Magazines with themes or prompts fascinate me, as they expose the many, many ways our minds work differently to produce so many stories from one kernel of an idea. Here's a list of theme magazines, if you want to read some good stories or take on their writing challenge. All listings are paying markets.
-THEMA Literary Journal—This print magazine publishes quarterly. Upcoming themes:
"Who keeps it tidy?" (Due November 1, 2011),
"White wine chilling" (March 1, 2012).
-The First Line—Each story submitted to this print magazine must begin with the same line. Next first lines:
"Edwin spotted them the moment he stepped off the train."
(Due August 1, 2011)
"It had been a long year." (Due November 1, 2011)
-Enchanted Conversation: A Fairytale Magazine—Each online issue explores a single fairytale in the form of poetry or short stories (less than 1500 words preferred).
"Little Red Riding Hood" (Sept 30, 2011)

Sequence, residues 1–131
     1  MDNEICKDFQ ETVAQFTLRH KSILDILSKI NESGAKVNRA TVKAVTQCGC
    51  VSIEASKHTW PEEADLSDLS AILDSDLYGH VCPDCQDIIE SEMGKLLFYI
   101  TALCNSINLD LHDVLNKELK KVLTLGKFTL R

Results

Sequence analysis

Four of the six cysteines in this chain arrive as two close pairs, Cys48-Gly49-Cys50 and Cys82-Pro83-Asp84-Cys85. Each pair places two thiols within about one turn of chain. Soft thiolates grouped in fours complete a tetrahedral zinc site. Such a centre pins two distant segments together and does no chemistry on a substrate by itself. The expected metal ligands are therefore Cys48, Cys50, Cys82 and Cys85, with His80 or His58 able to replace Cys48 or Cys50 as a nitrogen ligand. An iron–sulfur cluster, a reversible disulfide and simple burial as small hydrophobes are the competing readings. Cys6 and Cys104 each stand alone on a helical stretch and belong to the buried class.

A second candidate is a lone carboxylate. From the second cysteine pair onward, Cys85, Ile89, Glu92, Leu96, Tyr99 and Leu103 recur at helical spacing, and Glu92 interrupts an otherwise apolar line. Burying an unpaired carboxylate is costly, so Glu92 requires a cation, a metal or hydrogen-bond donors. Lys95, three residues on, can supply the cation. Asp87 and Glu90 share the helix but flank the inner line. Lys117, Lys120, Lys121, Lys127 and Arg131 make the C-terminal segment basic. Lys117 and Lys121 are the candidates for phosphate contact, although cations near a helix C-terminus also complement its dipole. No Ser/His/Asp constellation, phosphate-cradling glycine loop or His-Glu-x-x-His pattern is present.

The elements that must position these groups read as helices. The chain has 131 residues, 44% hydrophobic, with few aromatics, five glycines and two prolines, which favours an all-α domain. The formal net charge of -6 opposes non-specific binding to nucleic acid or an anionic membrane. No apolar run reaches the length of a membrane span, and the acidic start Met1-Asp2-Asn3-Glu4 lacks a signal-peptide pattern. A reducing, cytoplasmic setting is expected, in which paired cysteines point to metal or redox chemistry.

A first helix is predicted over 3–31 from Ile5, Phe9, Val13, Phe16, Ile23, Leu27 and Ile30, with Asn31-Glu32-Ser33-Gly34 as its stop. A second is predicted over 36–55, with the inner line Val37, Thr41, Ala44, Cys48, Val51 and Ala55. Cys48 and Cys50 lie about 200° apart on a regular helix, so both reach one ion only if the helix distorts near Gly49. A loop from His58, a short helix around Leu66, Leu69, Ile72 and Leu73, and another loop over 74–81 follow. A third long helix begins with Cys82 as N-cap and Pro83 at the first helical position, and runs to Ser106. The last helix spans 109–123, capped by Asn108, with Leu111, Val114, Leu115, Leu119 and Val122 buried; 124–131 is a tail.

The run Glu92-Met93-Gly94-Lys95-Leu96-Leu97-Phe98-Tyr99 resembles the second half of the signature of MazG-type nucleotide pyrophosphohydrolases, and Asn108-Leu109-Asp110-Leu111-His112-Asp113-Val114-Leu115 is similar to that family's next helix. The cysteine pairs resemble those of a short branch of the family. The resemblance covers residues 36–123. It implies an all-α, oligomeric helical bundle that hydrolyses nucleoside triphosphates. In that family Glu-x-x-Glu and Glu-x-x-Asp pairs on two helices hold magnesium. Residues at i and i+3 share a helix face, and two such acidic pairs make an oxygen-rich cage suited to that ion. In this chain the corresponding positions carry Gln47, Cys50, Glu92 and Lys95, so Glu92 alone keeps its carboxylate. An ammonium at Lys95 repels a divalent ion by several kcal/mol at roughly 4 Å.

-10 Flash Quarterly— As a speculative flash fiction e-journal, they only accept submissions between 800 and 1000 words, in the genres of science fiction, fantasy, horror, and suspense.
"It's the end of the world as we know it." (October 1, 2011)
-Wily Writers—Another speculative magazine, posting short stories (up to 5000 words) in text and audio format. Submissions must fall into specific subgenres
Halloween Horror. (July 31, 2011)
Mythpunk (August 31, 2011)
Lovecraftian Horror (September 30, 2011)
Young Adult Post-Apocalyptic (October 31, 2011)
High Fantasy Adventure (November 31, 2011)
Easystreetprompts.com posts video and photography prompts, as well as random words to get you thinking. Click here for my favorite picture.
Nanowrimo.org has amazing forums. The site is most active in November, which is National Novel Writing Month, 30 days in which thousands of participants try to write an entire novel of at least 50,000 words. The forums, however, get traffic all year round. You can find everything from plot doctoring to hilariously bad mock science fiction story lines to questions—and answers—about how many giraffes you could fit in a submarine, or what the term for "food fight" is in Greek. On the "word wars, prompts, and sprints" forum, you can read and contribute to various threads where people leave creative premises or first lines, and pose intriguing "what if" questions.